If you are looking for a mobile workstation upgrade, are moving from desktop to mobile or want an alternative to a MacBook Pro, you should price a system out online.


Brady Betzel is an Emmy-nominated online editor at Margarita Mix in Hollywood, working on shows like Life Below Zero and The Shop. He is also a member of the Producer’s Guild of America. You can email Brady at bradybetzel@gmail.com. Follow him on Twitter @allbetzroff.

OWC 12.4

The Mill opens boutique studio in Berlin

Technicolor’s The Mill has officially launched in Berlin. This new boutique studio is located in the heart of Berlin, situated in the creative hub of Mitte, near many of Germany’s agencies, production companies and brands.

The Mill has been working with German clients for years. Recent projects include the Mercedes’ Bertha Benz spot with director Sebastian Strasser; Netto’s The Easter Surprise, directed in-house by The Mill; and BMW The 8 with director Daniel Wolfe. The new studio will bring The Mill’s full range of creative services from color to experiential and interactive, as well as visual effects and design.

The Mill Berlin crew

Creative director Greg Spencer will lead the creative team. He is a multi-award winning creative, having won several VES, Cannes Lions and British Arrow awards. His recent projects include Carlsberg’s The Lake, PlayStation’s This Could Be You and Eve Cuddly Toy. Spencer also played a role in some of Mill Film’s major titles. He was the 2D supervisor for Les Misérables and also worked on the Lord of the Rings trilogy. His resume also includes campaigns for brands such as Nike and Samsung.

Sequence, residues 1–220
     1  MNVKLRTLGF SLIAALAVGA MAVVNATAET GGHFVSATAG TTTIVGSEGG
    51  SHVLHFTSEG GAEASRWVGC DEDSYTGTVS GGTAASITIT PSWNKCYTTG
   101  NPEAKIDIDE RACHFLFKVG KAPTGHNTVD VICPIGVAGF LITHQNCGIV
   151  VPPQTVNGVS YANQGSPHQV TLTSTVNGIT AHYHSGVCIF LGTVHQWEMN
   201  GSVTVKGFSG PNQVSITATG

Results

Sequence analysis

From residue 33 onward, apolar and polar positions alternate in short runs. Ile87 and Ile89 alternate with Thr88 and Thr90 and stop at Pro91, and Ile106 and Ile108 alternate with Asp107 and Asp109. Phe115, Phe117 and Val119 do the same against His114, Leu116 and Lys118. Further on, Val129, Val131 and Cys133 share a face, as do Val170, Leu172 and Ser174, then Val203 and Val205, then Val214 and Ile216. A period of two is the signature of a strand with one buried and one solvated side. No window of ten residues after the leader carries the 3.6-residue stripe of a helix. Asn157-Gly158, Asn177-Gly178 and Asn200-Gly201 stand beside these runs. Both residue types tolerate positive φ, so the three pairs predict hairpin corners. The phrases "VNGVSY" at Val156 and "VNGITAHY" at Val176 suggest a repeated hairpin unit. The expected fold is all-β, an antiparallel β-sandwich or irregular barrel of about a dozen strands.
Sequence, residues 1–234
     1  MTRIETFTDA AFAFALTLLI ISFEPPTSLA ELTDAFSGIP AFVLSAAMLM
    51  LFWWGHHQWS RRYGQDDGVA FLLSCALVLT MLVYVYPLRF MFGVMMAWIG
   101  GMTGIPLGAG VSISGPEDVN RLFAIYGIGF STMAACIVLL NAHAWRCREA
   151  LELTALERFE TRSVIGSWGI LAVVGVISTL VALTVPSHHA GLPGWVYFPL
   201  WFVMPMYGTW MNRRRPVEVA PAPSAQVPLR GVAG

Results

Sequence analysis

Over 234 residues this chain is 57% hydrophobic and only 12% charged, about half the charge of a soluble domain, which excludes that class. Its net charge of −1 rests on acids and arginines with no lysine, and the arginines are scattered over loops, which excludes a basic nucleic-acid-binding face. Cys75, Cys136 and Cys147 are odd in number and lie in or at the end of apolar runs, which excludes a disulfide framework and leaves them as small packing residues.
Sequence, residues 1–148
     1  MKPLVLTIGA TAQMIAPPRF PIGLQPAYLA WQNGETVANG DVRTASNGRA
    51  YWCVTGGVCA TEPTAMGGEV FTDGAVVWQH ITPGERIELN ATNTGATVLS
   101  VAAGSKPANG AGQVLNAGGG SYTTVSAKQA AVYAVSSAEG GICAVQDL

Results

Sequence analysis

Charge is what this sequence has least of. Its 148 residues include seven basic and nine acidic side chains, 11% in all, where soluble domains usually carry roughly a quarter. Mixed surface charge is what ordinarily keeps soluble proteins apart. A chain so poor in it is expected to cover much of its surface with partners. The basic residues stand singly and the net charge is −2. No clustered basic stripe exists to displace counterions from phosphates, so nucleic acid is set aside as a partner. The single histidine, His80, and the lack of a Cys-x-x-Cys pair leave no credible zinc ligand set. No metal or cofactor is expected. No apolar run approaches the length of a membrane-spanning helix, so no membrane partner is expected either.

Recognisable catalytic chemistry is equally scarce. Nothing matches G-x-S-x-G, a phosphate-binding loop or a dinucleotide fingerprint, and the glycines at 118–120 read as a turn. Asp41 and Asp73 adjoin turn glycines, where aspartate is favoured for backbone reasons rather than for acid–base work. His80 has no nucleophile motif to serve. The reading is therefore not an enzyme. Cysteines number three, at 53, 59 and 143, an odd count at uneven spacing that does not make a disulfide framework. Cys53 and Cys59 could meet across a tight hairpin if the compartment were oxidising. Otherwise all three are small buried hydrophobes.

Executive producer Justin Stiebel moves from The Mill London, where he has been since early 2014, to manage client relationships and new business. Since joining the company, Stiebel has produced spots such as Audi’s Next Level and the Mini’s “The Faith of a Few” campaign. He has also collaborated with directors such as Sebastian Strasser, Markus Walter and Daniel Wolfe while working on brands like Mercedes, Audi and BMW.

Sean Costelloe is managing director of The Mill London and The Mill Berlin.

Main Image Caption: (L-R) Justin Stiebel and Greg Spencer


Quantum F1000: a lower-cost NVMe storage option

Quantum is now offering the F1000, a lower-priced addition to the Quantum F-Series family of NVMe storage appliances. Using the software-defined architecture introduced with the F2000, the F1000 offers “ultra-fast streaming” performance and response times at a lower entry price. The F-Series can be used to accelerate the capture, edit and finishing of high-definition content and to accelerate VFX and CGI render speeds up to 100 times for developing augmented and virtual reality.

The Quantum F-Series was designed to handle content such as HD video used for movie, TV and sports production, advertising content or image-based workloads that require high-speed processing. Pros are using F-Series NVMe systems as part of Quantum’s StorNext scale-out file storage cluster and leveraging the StorNext data management capabilities to move data between NVMe storage pools and other storage pools. Users can take advantage of the performance boost NVMe provides for workloads that require it, while continuing to use lower-cost storage for data where performance is less critical.

Quantum F-Series NVMe appliances accelerate pro workloads and also help customers move from Fibre Channel networks to less expensive IP-based networks. User feedback has shown that pros need a lower cost of entry into NVMe technology, which is what led Quantum to develop the F1000. According to Quantum, the F1000 offers performance that is five to 10 times faster than an equivalent SAS SSD storage array at a similar price.

The F1000 is available in two capacity points: 39TB and 77TB. It offers the same connectivity options as the F2000 — 32Gb Fibre Channel or iSER/RDMA using 100Gb Ethernet — and is designed to be deployed as part of a StorNext scale out file storage cluster.


DP Chat: The Grudge’s Zachary Galler